It wasn’t too long ago that most had given up hope that Dead Island 2 would ever come out. Originally announced all the way back in 2014, the action RPG sequel went through its fair share of development issues, including numerous delays and changing developers multiple times. Thanks to developer Dambuster Studios, however, Dead Island 2 is finally here- and all said and done, it’s worth the wait. It’s not a spectacular experience that’ll take your breath away by any means, but if you’re looking for a well-made, fun, and gory zombie-slaying adventure, you absolutely cannot go wrong with Dead Island 2.
Set about a decade after the events of the original Dead Island, the sequel takes players to Los Angeles, or HELL-A, as the game calls it- which is an appropriate name, given the state you find it in. A zombie outbreak has swept over the city and it’s now lying in ruins, crawling with the undead while survivors barely managing to hold out in scattered pockets. The new setting also brings with it a completely new cast of six playable characters, and though there are some connections in its story to the events of Dead Island and Dead Island: Riptide (including some returning characters here and there), by and large, the sequel stands on its own as a self-sufficient story, which newcomers should be glad to hear.
"If you’re looking for a well-made, fun, and gory zombie-slaying adventure, you absolutely cannot go wrong with Dead Island 2."
The story itself isn’t special though, and the fairly straightforward zombie narrative isn’t helped by the writing and dialogue, which, for most of the characters, can often border on being annoying. Most key characters – including some of the playable ones – very rarely having anything of value to say, more often than you’ll, you’ll likely find yourself just itching to get back into the action again. That said, what does help the game ensure that players remain engaged is how well it utilizes its setting. Its version of LA is ravaged by an undead outbreak and buckling under the subsequent chaos- but it’s still LA. It’s full of personality and variety, and sports a vibrant and sharp aesthetic, one that excellently brings the many areas of the city that you visit to life. From the relatively more quiet neighbourhoods of Beverley Hills to much more crowded Sana Monica Pier to a number of indoor locations, there’s an impressive amount of variety on display in terms of both visual style and design.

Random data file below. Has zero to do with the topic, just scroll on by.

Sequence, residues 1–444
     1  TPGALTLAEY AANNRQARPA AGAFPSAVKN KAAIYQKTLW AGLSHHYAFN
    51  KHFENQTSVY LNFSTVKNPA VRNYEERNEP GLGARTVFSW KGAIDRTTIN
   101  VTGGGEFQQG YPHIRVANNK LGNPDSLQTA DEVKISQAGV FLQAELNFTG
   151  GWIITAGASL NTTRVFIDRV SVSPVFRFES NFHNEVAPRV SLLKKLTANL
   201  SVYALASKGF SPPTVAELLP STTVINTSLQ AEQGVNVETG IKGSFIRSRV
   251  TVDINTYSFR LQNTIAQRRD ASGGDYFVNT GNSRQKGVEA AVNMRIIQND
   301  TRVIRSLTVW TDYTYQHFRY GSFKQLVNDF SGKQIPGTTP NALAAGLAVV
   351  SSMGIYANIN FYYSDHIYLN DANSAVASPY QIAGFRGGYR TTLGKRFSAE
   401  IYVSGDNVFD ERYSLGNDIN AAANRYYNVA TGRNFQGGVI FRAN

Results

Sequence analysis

That design is another one of Dead Island 2’s bigger strengths, in fact. Rather than taking an open world approach, the game instead linearly guides you through a number of different locations in LA, some of which are larger and more open-ended, while others are much more guided. In doing so, the game maintains focus and momentum while still allowing for plenty of opportunities to go off the beaten path and take on optional activities and quests, or simply explore. It’s a very well struck balance- there’s enough content to keep you occupied for plenty of time, and yet it rarely overstays its welcome, while if you wish, you can also return to previously visited areas. Undoubtedly, Dead Island 2’s decision to favour density over size does it and its pacing great favours.
But of course, the star of the show here is the brutal, crunching combat. It’s not very often that games manage to get first person melee combat right, and issues like jank and imprecise gameplay tend to be far too prevalent- that, thankfully, isn’t the case in Dead Island 2. Movements are precise and responsive, every hit lands with satisfying feedback, and enemies respond in ways that pull you in even more, so that even if you’re just playing the game as a straight-up hack-and-slash experience, you’re still bound to have fun.
"The star of the show here is the brutal, crunching combat."
There’s an impressive variety of weapons to use, from lead pipes, rakes, and machetes to sledgehammers, machetes, claws, and much more- and yes, you do also get some ranged weapons as you get deeper into the game, though the primary focus still very much remains on melee combat. Each weapon is fun to use in its own way, and thanks to the durability mechanic, you will frequently find yourself picking up and swapping between a large and varied arsenal.